The court emphasised that under the licence agreement, the licensor's sole contribution to the licensee's restaurants was the trademark; and while a trademark licence is an essential component of a franchise agreement, the licensee had primary responsibility for the development and operation of the restaurants, including with respect to the décor, products, services, advertising, promotion and selection of franchisees. In addition, the licensor did not exercise operational control over the licensee's business.
As a result of its analysis, the court concluded that the licence agreement was not a franchise agreement governed by the act, and that the licensee was not entitled to franchise disclosure pursuant to the act. The court therefore granted the licensor's motion to dismiss the licensee's application for rescission and damages.
In this ruling the court relied on the 'single trademark licence' exemption to conclude that the act did not apply to the licence agreement.
The judgment nonetheless provides concrete suggestions for tailoring a licence relationship with a view to reducing the likelihood that such an arrangement would be considered a franchise agreement under the act. Given the court's reliance on the 'single trademark licence' exemption, as discussed above, to conclude that the act did not apply, these suggestions of the court are not conclusive for the purpose of determining whether a traditional trademark licence arrangement would contain enough elements to distinguish itself from a franchise agreement that is subject to the act. However, the decision provides welcome guidance on this important issue and certain elements of the court's analysis in this case may be considered by courts in the future in order to ascertain whether the act's disclosure rules apply to certain types of contractual arrangement.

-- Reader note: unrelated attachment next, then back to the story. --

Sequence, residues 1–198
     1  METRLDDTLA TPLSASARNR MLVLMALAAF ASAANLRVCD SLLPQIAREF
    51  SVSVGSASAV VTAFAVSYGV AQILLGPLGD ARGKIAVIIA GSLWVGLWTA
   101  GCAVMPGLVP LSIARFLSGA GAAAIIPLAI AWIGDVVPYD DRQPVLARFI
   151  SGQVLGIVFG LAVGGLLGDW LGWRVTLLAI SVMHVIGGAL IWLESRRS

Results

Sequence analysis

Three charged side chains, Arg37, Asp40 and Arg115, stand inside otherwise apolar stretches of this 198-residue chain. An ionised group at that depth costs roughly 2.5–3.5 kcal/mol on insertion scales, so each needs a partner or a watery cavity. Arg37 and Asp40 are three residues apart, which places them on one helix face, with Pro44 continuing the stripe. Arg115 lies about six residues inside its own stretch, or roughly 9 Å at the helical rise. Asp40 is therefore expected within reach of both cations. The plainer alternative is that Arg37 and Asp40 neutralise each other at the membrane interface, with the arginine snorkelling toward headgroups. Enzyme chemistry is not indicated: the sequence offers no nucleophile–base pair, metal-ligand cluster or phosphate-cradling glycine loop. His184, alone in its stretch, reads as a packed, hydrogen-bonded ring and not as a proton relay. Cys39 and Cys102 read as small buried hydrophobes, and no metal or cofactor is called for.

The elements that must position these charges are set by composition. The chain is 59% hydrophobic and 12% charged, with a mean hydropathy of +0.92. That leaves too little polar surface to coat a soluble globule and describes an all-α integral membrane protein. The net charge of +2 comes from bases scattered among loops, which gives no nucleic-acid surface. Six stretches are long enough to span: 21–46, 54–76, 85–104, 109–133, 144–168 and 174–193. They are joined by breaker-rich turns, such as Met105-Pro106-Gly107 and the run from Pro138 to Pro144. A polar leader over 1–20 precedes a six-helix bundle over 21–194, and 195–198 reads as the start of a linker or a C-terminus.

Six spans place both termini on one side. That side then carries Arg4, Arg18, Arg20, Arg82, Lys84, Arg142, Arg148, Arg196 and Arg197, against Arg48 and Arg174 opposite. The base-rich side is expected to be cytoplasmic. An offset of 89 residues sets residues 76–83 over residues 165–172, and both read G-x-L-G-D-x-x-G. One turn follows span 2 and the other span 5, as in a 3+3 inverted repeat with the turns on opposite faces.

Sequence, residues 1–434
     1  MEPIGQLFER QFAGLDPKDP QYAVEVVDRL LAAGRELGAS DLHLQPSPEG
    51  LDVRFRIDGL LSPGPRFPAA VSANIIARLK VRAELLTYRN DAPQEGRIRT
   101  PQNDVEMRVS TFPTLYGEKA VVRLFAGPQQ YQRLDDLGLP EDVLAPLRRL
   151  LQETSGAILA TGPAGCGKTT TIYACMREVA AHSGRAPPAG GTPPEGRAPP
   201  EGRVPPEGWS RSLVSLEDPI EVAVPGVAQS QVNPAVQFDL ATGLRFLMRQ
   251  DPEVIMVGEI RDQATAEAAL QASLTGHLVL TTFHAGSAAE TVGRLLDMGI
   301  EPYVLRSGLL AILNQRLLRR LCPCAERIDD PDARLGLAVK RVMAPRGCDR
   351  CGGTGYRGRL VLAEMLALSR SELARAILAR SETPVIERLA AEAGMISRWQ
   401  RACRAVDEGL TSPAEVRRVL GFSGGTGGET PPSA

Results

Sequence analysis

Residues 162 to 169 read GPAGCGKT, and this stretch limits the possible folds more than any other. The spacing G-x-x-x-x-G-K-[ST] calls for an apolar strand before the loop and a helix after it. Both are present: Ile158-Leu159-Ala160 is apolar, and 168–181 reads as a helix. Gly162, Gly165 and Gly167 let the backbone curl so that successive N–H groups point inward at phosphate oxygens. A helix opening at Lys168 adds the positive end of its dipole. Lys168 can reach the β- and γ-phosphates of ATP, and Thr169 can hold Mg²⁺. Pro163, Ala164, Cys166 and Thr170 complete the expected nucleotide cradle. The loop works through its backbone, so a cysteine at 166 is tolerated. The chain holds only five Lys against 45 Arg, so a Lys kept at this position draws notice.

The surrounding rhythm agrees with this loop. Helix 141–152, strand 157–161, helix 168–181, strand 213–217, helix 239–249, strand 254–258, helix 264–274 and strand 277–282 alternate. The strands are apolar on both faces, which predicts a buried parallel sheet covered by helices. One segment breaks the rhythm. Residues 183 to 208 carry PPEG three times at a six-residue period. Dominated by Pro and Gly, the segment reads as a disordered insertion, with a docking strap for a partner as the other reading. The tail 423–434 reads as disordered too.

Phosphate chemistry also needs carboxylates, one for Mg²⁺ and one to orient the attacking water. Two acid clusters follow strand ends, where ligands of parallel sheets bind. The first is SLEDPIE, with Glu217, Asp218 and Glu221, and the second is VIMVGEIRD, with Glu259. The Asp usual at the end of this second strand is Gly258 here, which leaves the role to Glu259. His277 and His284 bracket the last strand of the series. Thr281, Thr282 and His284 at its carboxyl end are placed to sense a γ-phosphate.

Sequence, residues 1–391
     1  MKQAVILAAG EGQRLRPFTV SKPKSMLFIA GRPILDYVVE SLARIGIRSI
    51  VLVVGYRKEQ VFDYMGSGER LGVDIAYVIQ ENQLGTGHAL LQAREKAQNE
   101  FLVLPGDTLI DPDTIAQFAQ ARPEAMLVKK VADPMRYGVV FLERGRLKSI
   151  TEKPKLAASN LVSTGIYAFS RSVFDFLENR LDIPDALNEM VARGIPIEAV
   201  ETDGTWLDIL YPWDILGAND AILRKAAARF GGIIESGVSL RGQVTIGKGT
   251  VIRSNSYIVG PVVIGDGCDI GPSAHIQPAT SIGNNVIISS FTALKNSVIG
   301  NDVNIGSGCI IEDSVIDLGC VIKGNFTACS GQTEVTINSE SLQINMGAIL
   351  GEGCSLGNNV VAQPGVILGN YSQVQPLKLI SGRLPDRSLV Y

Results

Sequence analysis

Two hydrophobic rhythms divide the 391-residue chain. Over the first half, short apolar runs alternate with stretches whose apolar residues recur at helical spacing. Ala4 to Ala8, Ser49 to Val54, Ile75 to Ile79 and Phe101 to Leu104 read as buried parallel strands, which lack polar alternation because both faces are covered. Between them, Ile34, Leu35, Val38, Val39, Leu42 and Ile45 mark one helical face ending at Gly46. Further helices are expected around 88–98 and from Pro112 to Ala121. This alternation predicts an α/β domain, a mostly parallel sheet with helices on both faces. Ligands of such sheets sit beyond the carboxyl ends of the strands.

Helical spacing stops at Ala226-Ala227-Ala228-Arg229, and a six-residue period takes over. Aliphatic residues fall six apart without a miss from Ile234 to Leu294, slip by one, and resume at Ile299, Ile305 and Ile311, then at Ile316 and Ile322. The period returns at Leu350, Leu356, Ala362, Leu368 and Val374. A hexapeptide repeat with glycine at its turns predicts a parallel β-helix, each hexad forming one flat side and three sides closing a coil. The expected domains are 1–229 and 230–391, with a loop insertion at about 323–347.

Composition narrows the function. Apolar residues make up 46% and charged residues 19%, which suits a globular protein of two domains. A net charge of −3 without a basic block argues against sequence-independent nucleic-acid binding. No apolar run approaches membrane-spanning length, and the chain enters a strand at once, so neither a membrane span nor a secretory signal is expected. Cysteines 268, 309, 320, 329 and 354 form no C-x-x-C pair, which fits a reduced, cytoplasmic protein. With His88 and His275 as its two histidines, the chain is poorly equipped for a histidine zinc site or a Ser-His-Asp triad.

The court's analysis should be carefully considered when businesses attempt to establish licence relationships. In particular, a recommended conservative approach would be to avoid including any controls by a licensor over a licensee's general business methods, and to reserve to a licensor only those rights that are typically considered to be simple controls over trademark use by limiting a licensor's supervisory role to branding and image concerns relating specifically to the licensed trademark. For example, a trademark licensor could be entitled to approve marketing materials that incorporate the licensed trademark, as well as the quality of goods or services in respect of which the trademark is used. However, trademark licensors should not attempt to retain control over the look and feel or overall trade dress of the establishment where the trademark is used by a licensee, or the manner of its operation of its business, as this could conceivably be viewed by courts as constituting the significant control or significant assistance required to characterise the relationship as a franchise relationship that is subject to the act.
For further information on this topic please contact Bruno Floriani or Marissa Carnevale at Lapointe Rosenstein Marchand Melançon LLP by telephone (+1 514 925 6300), fax (+1 514 925 9001) or email (email@example.com or firstname.lastname@example.org). The Lapointe Rosenstein Marchand Melançon LLP website can be accessed at www.lrmm.com.